The National Assembly could, for example, indicate that unless Pravin Gordhan is retained as Finance Minister, it would again veto the Cabinet. Alternatively, the National Assembly could also indicate that if the president refuses to re-appoint Pravin Gordhan as Finance Minister, the National Assembly would pass a vote of no confidence in the president in terms of section 102(2). If this happens, the president must resign and the National Assembly would have to elect a new president from among its members (which, at the moment, excludes one of the contenders for president, Nkosazana Dlamini-Zuma).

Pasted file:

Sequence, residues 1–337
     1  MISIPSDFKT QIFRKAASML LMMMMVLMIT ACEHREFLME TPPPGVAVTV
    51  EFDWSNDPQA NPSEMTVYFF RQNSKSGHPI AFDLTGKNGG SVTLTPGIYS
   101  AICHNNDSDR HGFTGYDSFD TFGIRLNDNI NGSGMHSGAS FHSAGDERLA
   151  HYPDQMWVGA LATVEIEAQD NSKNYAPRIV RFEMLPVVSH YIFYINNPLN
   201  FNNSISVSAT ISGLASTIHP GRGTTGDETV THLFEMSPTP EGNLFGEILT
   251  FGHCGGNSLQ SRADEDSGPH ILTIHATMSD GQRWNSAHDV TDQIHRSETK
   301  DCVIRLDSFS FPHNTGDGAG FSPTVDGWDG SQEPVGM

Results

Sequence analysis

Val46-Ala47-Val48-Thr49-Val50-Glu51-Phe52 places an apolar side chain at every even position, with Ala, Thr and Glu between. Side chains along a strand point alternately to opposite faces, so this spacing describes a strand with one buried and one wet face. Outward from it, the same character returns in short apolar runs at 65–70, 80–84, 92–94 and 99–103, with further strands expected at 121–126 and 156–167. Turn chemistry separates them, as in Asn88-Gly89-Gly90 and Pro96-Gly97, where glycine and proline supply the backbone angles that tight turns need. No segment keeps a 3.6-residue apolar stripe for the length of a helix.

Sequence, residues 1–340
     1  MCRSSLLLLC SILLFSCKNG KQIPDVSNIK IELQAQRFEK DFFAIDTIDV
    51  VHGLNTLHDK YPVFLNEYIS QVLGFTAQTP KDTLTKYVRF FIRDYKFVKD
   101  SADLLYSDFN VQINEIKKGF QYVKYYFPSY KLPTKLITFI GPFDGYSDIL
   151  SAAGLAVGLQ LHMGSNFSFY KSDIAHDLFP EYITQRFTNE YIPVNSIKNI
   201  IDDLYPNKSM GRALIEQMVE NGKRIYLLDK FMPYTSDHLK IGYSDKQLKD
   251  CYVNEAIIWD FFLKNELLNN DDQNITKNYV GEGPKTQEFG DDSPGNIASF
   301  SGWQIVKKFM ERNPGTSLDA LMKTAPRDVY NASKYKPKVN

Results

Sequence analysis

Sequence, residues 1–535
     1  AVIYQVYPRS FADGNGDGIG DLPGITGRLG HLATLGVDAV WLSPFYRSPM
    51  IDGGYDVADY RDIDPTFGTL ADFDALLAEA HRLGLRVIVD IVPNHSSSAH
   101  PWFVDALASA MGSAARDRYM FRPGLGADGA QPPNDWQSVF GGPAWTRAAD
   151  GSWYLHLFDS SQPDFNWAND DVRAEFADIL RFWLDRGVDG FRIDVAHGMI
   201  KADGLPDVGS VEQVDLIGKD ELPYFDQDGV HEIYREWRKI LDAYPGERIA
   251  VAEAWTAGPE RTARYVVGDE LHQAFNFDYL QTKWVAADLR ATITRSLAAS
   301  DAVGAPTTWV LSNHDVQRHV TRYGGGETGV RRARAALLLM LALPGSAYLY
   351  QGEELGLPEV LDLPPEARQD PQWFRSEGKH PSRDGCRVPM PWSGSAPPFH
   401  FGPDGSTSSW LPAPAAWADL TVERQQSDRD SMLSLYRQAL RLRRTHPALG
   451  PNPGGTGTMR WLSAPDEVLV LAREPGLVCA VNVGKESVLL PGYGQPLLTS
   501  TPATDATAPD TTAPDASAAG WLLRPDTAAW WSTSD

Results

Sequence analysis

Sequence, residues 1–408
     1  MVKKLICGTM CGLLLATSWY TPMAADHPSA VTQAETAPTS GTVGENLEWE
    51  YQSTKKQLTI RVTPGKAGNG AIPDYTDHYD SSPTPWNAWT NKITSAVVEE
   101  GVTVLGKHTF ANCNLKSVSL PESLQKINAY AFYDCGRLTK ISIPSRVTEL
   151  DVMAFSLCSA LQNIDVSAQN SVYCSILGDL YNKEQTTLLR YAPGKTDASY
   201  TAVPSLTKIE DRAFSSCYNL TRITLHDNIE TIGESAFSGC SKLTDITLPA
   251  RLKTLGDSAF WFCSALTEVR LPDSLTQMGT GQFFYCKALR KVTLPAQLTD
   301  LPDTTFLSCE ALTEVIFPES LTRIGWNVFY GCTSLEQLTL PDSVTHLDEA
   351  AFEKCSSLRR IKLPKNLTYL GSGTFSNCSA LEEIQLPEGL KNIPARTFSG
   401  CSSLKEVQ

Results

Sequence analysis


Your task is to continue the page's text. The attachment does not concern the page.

It is unlikely that any of these scenarios would come to pass. First, it is unclear how much support Pravin Gordhan has among ANC leaders. Second, it is unclear whether even party leaders who might be upset by the firing of Gordhan would be prepared to sanction such drastic action against the leader of the party.
But if we leave the example of Pravin Gordhan aside for the moment, imagine a situation where the president fires the most popular member of his Cabinet and this creates a huge outcry from citizens. (Imagine for the moment that there is indeed such a Cabinet minister who is not only truly beloved, but also revered, by a large majority of South African citizens.) Hundreds of thousands of people march through the streets to protest against the move, but the party leaders decide not to act, siding with the party leader and not with the people.